Importantly, cyber programs should include an insider threat profile such that when an employee leaves a company, trade secrets and other proprietary information do not leave with him (or be made accessible to him via electronic means). Once a plan is in place, it should be tested through periodic exercises and its shortcomings remedied.  Identify key information that holds the most value for the organization and take special steps to protect it.  In certain instances involving material risk or the exfiltration of export controlled technical data, there is a legal obligation to disclose the breach to U.S. authorities.  Accordingly, a contact with law enforcement should be identified–the FBI and the U.S. Secret Service tend to be the agencies which handle cybercrime.  For incidents involving trade secrets or export controlled data, the FBI is likely to take on a primary role due to its counterintelligence and national security mission.

What governmental developments are impacting this arena? What are current best practices in light of evolving legislative, regulatory, and judicial developments?   

There have been numerous policy advancements in cyber–the two most meaningful worthy of mention here will put law enforcement and the intelligence community in a more proactive posture.  Late last year, the Cybersecurity Information Sharing Act (“CISA”) was signed into law.  In the increasingly limited instances in which disclosure is not obligated by law, CISA encourages companies to voluntarily disclose breach data to the government directly by limiting liability for causes of action under privacy laws.  Companies are expected to take advantage of CISA as a means for engaging law enforcement on a more regular basis without the fear of costly and often unfounded privacy suits.  The Department of Justice and Homeland Security recently issued written guidance and interim procedures relating to CISA disclosures and many companies and commentators will be paying close attention to how these procedures will guide investigations in the months and years to come.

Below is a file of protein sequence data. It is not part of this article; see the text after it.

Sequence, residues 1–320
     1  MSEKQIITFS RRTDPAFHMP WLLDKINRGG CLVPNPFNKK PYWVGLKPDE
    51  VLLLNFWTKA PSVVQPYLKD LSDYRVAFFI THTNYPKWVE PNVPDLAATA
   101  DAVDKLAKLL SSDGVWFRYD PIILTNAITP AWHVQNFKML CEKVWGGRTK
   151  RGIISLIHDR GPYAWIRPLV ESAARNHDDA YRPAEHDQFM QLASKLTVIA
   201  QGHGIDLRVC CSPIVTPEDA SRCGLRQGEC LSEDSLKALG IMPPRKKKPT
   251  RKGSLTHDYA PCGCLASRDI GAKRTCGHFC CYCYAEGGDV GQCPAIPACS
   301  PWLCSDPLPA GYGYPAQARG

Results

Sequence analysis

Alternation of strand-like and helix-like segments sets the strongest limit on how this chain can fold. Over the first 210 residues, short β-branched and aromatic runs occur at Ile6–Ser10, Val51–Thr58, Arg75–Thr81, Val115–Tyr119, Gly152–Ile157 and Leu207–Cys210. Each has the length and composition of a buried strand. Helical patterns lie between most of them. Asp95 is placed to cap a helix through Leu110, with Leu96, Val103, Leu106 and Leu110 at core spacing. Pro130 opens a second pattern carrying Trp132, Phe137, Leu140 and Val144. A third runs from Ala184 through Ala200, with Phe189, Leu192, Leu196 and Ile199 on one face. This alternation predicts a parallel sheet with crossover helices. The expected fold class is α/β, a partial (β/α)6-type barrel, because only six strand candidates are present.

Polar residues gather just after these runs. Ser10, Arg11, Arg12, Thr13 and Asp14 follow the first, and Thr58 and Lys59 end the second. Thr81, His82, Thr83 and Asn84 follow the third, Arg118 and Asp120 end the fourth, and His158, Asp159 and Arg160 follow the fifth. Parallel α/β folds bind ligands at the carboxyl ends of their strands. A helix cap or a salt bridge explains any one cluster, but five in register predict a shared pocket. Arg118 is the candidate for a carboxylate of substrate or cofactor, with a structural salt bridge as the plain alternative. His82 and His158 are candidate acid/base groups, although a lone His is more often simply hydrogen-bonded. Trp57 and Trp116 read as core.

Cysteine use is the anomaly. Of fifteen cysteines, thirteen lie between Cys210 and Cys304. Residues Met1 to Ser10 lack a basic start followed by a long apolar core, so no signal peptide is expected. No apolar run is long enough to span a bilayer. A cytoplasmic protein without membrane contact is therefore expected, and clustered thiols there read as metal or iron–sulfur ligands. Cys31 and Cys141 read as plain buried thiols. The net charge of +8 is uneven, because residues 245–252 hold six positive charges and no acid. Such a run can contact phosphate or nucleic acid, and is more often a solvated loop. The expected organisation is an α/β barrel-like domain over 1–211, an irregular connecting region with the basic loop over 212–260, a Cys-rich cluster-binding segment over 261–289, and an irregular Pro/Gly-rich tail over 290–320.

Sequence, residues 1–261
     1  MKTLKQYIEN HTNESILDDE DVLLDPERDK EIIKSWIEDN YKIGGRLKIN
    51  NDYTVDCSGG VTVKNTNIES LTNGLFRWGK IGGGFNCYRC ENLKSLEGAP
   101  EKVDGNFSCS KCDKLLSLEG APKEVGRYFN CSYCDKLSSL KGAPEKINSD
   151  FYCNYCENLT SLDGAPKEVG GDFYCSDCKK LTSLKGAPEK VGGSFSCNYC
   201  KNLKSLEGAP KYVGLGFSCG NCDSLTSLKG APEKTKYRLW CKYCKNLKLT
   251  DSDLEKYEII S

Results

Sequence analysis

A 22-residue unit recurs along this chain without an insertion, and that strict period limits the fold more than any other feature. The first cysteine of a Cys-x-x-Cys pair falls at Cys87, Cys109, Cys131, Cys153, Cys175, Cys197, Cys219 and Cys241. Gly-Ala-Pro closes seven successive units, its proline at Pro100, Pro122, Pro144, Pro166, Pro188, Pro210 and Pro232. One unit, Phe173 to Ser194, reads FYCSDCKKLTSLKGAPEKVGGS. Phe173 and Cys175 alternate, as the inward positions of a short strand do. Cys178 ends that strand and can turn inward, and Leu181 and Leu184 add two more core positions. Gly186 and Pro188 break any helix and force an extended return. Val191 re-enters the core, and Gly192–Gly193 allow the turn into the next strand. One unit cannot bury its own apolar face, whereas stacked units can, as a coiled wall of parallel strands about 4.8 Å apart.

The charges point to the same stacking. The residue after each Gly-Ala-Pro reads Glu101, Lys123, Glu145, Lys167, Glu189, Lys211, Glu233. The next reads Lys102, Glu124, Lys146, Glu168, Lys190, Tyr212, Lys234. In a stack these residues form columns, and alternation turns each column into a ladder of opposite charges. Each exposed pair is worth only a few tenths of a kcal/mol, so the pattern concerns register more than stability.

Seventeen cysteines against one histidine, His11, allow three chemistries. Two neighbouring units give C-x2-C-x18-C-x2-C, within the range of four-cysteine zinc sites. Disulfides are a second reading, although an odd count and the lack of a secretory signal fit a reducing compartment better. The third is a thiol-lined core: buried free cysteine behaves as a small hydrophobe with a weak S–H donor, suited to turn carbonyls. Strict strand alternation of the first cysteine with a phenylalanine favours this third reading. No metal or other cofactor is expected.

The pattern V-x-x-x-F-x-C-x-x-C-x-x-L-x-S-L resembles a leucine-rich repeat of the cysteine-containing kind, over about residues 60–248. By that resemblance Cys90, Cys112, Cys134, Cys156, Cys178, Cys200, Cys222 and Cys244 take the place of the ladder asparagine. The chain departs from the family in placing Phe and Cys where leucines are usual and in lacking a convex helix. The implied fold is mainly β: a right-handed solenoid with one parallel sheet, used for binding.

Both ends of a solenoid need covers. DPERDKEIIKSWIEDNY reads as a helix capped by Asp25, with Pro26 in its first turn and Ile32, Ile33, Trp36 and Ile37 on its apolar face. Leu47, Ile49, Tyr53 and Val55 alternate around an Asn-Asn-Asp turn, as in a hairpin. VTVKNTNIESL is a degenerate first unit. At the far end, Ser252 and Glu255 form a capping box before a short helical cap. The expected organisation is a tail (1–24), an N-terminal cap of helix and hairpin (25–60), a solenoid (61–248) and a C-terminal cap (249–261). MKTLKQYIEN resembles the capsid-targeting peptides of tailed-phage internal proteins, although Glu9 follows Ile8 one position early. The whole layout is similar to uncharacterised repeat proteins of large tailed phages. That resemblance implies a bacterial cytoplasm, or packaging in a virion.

An also recent and more provocative countermeasure, the administration has issued an executive order authorizing the imposition of cyber sanctions on individuals and entities engaged in the theft of financial information, destructive cyber attacks, and economic espionage.  This new sanctions regime is modeled after those that have proven effective in the counter-terrorism and counter-proliferation arenas by isolating bad actors from the global financial system and imposing trade restrictions that may lead to criminal enforcement actions.  The Treasury Department has yet to make any designations under this new authority, but is expected to do so in the coming months.  Other efforts by the administration to impose trade controls on specific intrusion technologies were met with overwhelming opposition from technology companies and were subsequently returned to the drawing board.  As a consequence, the cyber sanctions are the one powerful tool that can effectively reach bad actors in faraway places where traditional law enforcement tools have proven ineffective.